Despite last having a top 10 hit more than 40 years ago, the UK's representative at this year's Eurovision Song Contest, Engelbert Humperdinck, is head- to-head at the bookies with rivals, Jedward.
And the singer who famously held The Beatles off number one in 1967, has certainly proved to be a triumph as a talking point in the lead up to the final tomorrow night.
As the veteran makes his final preparations at Azerbaijan's Baku Crystal Hall, bookmakers William Hill now put both Humperdinck and Jedward at 14-1 to win the competition. Sweden are being tipped as favourites, with odds of 6-4.
To bring him luck in tomorrow's final, the 76-year-old UK entrant is carrying a prized gift from Elvis Presley. The crooner is one of a handful of people from the King's circle of friends who were given one of his TCB necklaces - which stands for "taking care of business".
The show will be watched by more than 150 million people in more than 55 countries.
The Azerbaijani contestant, Sabrina has told Humperdinck he is 'one of her favourites.' But the contest hasn't been without its controversy and the host of this year's , has faced criticism for its human rights record.
said dozens of families were forcibly evicted in four areas of the capital Baku to clear the way for extensive urban development. Many of those evictions took place without warning or at night, according to the organisation.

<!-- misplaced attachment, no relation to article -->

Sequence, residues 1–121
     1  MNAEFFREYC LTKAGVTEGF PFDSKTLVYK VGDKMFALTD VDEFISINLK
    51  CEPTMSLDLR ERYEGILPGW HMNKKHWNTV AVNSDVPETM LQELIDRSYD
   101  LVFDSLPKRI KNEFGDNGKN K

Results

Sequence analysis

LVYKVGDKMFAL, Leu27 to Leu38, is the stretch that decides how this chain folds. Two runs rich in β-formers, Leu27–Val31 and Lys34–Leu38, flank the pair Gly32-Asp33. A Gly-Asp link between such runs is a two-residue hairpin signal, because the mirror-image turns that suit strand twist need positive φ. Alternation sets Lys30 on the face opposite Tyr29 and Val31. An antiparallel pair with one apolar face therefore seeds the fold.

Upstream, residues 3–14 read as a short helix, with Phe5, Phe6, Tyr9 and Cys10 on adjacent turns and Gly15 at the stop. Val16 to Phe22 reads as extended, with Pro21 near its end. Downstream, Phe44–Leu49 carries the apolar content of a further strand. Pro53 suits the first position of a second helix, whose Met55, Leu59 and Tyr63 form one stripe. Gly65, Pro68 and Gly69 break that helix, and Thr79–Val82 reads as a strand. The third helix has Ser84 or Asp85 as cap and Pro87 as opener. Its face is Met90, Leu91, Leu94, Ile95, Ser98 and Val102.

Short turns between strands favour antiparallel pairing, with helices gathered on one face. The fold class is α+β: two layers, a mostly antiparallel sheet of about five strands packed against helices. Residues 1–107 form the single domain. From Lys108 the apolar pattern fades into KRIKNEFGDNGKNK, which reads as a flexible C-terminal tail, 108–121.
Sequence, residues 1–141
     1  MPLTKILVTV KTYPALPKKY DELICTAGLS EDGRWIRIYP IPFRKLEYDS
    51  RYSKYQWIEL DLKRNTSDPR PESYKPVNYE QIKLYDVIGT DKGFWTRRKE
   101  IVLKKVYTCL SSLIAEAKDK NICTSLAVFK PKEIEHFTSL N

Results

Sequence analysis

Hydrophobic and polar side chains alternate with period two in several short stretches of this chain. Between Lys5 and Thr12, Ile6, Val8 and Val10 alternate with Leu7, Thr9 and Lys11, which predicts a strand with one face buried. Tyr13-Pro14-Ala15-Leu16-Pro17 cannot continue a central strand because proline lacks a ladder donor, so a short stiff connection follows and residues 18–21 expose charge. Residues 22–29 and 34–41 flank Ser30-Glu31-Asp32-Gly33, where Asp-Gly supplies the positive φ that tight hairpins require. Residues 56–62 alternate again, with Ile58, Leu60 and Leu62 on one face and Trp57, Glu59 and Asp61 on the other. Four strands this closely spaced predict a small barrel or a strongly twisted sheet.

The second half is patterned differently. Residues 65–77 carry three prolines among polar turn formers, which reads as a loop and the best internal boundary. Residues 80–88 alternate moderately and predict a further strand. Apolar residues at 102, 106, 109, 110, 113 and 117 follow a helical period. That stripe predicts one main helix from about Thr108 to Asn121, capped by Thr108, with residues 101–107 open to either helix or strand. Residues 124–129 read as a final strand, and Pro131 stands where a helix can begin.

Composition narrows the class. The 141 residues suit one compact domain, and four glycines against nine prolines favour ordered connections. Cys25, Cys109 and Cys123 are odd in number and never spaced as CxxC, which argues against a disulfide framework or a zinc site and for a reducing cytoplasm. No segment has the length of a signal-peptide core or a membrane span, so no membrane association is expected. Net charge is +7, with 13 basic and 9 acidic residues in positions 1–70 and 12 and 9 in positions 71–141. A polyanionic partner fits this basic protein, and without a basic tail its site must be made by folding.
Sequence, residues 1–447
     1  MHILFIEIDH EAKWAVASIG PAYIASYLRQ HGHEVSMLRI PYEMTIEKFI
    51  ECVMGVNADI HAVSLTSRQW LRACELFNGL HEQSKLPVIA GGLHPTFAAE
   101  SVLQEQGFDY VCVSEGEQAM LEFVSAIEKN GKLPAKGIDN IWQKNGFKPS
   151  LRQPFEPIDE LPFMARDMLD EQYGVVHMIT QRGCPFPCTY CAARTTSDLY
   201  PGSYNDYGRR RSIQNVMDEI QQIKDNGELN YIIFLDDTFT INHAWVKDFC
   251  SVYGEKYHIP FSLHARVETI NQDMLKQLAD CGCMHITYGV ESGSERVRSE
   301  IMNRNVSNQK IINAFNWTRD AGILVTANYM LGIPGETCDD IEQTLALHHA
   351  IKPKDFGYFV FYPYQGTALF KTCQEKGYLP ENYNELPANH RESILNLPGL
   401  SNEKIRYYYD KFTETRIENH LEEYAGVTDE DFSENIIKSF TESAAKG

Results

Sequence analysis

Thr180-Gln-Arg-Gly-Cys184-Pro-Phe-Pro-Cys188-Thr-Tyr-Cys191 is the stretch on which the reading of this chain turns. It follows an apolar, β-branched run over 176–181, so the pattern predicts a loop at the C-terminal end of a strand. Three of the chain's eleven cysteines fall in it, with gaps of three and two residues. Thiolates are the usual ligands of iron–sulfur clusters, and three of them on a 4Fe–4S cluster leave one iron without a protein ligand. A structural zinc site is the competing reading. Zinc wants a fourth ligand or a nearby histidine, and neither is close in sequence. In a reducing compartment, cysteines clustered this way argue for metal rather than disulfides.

Spain's Eurovision contestant was forced to defend her country's enthusiasm to win tomorrow's final following a controversial interview with a journalist. Singer, Pastora Soler, was reported as saying that she would not be popular in Spain if she won the contest and that Spain were not in a financial position host the contest next year, should they win.
In a press conference she came back fighting, and said:
The public Spanish television is with me, is supporting for me... it would be wonderful news for Spain, for the people in Spain.
Eurovision veterans, Bucks Fizz - now know as OBF - that Eurovision should just be about the music and not about the politics. Despite admitting they knew little about what's going on in Azerbaijan, they said:
Eurovision unites people by all voting together for their favourite act.
Bucks Fizz produced one of the UK's best-known Eurovision performances in 1981 with the skirt-ripping, Making Your Mind Up. But the UK has endured a chequered Eurovision history.
After five second-place finishes, the UK won its first Eurovision song contest in 1967 with Sandie Shaw's Puppet On A String.
Cliff Richard narrowly missed out on the 1968 Eurovision crown after his song Congratulations came second to Spain's entry, La, La, La by Massiel.
Despite the best efforts of Michael Ball (1992) and Sonia (1993), who both came second, the UK's next winner was in 1997. Katrina and The Waves' song Love Shine A Light won in Dublin. The UK has not won since.
Nil points were the buzzwords from the 2003 contest. The United Kingdom's dismal entry Cry Baby by Jemini was the first UK song in Eurovision history that failed to score.
Blue's entry last year was called I Can, but when it came to the crunch, it turned out they could not. The reformed boyband finished in 11th place, thwarting the UK's hopes for its first victory since 1997.